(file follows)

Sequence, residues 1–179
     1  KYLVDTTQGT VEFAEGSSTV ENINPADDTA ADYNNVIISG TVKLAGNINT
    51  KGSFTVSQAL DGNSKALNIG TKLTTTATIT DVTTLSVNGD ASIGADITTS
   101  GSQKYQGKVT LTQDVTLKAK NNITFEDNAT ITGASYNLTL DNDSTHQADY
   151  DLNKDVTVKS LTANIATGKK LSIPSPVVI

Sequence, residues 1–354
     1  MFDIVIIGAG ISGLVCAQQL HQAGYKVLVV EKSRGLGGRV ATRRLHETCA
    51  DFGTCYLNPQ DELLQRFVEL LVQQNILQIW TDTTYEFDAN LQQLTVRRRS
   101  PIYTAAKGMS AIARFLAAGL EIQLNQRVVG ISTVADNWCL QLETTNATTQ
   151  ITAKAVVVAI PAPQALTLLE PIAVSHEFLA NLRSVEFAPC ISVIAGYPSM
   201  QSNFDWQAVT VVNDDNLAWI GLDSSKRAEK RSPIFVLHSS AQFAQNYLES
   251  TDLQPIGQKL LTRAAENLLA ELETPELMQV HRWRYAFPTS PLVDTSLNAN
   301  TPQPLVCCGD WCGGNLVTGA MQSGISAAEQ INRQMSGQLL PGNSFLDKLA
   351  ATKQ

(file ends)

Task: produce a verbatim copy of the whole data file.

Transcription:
Sequence, residues 1–179
     1  KYLVDTTQGT VEFAEGSSTV ENINPADDTA ADYNNVIISG TVKLAGNINT
    51  KGSFTVSQAL DGNSKALNIG TKLTTTATIT DVTTLSVNGD ASIGADITTS
   101  GSQKYQGKVT LTQDVTLKAK NNITFEDNAT ITGASYNLTL DNDSTHQADY
   151  DLNKDVTVKS LTANIATGKK LSIPSPVVI

Sequence, residues 1–354
     1  MFDIVIIGAG ISGLVCAQQL HQAGYKVLVV EKSRGLGGRV ATRRLHETCA
    51  DFGTCYLNPQ DELLQRFVEL LVQQNILQIW TDTTYEFDAN LQQLTVRRRS
   101  PIYTAAKGMS AIARFLAAGL EIQLNQRVVG ISTVADNWCL QLETTNATTQ
   151  ITAKAVVVAI PAPQALTLLE PIAVSHEFLA NLRSVEFAPC ISVIAGYPSM
   201  QSNFDWQAVT VVNDDNLAWI GLDSSKRAEK RSPIFVLHSS AQFAQNYLES
   251  TDLQPIGQKL LTRAAENLLA ELETPELMQV HRWRYAFPTS PLVDTSLNAN
   301  TPQPLVCCGD WCGGNLVTGA MQSGISAAEQ INRQMSGQLL PGNSFLDKLA
   351  ATKQ